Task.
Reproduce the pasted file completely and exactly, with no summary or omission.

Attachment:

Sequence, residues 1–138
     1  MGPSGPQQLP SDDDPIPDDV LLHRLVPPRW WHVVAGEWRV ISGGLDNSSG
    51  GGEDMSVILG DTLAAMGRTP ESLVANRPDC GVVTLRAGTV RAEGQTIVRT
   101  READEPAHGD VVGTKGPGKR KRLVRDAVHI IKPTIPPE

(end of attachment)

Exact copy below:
Sequence, residues 1–138
     1  MGPSGPQQLP SDDDPIPDDV LLHRLVPPRW WHVVAGEWRV ISGGLDNSSG
    51  GGEDMSVILG DTLAAMGRTP ESLVANRPDC GVVTLRAGTV RAEGQTIVRT
   101  READEPAHGD VVGTKGPGKR KRLVRDAVHI IKPTIPPE